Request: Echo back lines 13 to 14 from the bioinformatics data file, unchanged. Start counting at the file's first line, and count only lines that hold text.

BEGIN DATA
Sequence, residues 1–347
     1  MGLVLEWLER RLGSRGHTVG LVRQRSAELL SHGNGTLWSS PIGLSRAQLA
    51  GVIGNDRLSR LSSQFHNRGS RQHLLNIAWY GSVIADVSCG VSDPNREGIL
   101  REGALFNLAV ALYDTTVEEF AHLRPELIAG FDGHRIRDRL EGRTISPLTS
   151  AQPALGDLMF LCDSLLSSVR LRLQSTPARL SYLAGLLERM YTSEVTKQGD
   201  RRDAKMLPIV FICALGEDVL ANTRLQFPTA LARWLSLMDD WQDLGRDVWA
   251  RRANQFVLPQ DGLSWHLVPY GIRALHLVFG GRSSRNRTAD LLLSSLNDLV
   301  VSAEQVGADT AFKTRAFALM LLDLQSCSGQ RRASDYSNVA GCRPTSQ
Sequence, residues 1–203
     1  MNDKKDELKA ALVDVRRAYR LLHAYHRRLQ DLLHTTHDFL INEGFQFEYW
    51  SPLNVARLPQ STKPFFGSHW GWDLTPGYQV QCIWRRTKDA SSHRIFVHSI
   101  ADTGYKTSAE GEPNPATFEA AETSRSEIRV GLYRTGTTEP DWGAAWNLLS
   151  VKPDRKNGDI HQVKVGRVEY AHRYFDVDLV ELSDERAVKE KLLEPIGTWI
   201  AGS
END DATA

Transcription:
   151  VKPDRKNGDI HQVKVGRVEY AHRYFDVDLV ELSDERAVKE KLLEPIGTWI
   201  AGS